Louisiana State University graduate Christian Walther and two of his Sigma Alpha Epsilon frat brothers recently packed up thousands of hamburgers and hot dogs and headed over to areas crushed by the recent flooding to provide meals for people.
“It’s just our small way of giving back,” Walther told Total Frat Move. “We are doing what we are supposed to be doing — help people out no questions asked. It’s how we were raised.”
Walther is the founder of the Red White and Que barbecue in Baton Rouge. He and his buddies used one of the company’s trucks to haul the goods.
From the report:
Walther described the heartbreaking scene as the Red White and Que truck, painted with fireworks and a big American flag, made its way through his battered community. Boats sitting in muddy front yards. Houses full of water. Entire lives cast onto curbsides. Walther was lucky. His home, built atop a hill, was mostly untouched by the flooding.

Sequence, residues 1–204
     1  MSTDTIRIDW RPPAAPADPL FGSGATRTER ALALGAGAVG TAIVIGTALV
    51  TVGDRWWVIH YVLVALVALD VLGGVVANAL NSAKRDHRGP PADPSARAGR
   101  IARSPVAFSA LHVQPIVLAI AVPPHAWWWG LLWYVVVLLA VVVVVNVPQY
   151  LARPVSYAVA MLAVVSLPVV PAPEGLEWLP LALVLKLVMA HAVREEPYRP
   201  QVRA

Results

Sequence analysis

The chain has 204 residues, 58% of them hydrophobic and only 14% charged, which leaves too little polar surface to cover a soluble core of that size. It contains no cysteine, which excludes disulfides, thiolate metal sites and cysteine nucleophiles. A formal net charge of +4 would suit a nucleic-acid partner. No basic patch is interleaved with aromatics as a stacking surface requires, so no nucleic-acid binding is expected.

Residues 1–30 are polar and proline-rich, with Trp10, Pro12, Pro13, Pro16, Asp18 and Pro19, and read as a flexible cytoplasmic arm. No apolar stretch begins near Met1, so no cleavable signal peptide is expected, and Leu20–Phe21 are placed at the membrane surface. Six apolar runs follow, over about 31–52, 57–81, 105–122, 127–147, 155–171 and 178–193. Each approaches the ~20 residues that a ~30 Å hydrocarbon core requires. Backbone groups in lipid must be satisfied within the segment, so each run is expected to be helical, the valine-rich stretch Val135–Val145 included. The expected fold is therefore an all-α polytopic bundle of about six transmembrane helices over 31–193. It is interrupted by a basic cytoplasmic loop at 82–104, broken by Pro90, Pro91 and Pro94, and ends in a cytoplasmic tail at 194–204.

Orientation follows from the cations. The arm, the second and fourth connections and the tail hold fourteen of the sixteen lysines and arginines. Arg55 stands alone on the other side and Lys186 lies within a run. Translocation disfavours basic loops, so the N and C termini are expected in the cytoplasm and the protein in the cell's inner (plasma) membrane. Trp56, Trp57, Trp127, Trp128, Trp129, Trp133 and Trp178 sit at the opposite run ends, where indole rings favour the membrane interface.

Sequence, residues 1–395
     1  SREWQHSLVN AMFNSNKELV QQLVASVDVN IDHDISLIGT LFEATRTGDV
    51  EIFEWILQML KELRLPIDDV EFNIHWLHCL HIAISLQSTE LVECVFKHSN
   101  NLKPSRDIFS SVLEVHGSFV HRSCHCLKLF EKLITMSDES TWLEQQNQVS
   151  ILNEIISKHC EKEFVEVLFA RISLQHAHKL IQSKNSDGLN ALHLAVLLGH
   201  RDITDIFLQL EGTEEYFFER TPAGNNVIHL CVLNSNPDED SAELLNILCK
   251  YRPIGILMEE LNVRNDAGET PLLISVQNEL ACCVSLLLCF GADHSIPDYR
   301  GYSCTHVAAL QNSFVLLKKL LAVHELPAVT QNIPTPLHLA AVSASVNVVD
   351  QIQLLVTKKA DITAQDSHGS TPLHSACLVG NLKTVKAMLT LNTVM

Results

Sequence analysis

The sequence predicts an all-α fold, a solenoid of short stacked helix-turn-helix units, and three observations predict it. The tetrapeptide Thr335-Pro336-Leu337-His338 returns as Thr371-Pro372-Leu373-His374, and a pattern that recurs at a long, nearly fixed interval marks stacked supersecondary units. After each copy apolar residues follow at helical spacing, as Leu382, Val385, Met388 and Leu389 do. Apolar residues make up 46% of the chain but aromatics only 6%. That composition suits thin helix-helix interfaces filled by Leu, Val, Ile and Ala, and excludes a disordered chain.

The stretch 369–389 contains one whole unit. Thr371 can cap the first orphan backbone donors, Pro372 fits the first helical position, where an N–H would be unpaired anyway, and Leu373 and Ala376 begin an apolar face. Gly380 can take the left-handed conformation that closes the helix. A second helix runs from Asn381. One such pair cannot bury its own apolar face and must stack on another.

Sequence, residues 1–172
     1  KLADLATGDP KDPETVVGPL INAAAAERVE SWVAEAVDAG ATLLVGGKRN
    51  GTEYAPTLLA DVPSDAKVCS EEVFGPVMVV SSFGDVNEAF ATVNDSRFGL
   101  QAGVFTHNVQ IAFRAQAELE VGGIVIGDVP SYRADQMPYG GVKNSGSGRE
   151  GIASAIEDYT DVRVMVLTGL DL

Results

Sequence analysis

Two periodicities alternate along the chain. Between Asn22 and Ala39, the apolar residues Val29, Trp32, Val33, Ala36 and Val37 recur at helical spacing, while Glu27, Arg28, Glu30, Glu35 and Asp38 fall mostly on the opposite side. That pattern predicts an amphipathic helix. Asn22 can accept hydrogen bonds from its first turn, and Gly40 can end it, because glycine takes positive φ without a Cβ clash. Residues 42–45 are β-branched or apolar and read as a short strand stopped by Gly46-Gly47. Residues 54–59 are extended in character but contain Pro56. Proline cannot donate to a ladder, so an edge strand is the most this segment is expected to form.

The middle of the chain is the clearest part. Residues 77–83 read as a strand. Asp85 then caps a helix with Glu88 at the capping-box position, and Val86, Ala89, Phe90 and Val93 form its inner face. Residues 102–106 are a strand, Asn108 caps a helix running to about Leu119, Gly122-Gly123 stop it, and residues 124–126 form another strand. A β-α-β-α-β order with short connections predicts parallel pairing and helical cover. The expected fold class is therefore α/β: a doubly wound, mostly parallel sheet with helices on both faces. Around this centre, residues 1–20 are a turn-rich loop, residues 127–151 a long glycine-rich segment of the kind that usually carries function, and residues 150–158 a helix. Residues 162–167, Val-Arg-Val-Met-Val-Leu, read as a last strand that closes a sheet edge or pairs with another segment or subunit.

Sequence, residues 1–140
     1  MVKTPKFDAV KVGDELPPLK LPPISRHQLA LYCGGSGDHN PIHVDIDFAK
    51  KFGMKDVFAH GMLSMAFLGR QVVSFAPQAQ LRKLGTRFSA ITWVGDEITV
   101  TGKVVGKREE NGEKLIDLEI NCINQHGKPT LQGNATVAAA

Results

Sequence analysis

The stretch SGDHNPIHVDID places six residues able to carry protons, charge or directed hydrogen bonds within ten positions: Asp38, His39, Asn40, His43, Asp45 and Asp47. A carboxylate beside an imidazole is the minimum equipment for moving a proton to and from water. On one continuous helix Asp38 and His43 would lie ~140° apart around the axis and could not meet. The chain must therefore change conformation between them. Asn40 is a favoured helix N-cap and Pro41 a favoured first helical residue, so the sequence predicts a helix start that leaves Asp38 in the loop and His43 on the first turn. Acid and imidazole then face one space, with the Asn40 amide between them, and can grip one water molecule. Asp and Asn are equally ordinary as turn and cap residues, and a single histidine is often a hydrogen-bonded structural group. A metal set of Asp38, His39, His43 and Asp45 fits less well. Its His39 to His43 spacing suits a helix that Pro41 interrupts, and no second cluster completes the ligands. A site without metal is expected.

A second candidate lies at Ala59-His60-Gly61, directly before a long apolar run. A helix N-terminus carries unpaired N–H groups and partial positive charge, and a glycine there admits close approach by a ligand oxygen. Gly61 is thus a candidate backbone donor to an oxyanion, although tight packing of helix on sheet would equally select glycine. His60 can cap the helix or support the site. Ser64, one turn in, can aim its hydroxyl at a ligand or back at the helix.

They stop at churches and high schools and anywhere else victims are sheltered, feeding between 50 and 500 people at a time. On Wednesday, they served a group of National Guardsmen who had come to provide aid.
They even deliver directly to people’s front doors. Some flood victims are unable to leave their homes, forced to watch over the possessions they moved outside to save from a flooded interior. For them, the Red White and Que food truck is a godsend.
While Baton Rouge still has a long road to recovery, Walther says the community outreach has been incredible. He adds that the community’s positivity in the face of disaster has kept the national media off their backs, which he sees as a good thing.
“It’s pretty cool how galvanizing the floods have been for the community without the national media attention,” he said. “[The media] can be a distraction — they’re looking for something shocking, something to fit their narrative or agenda — but all they found here was good people helping other good people put their lives back together.”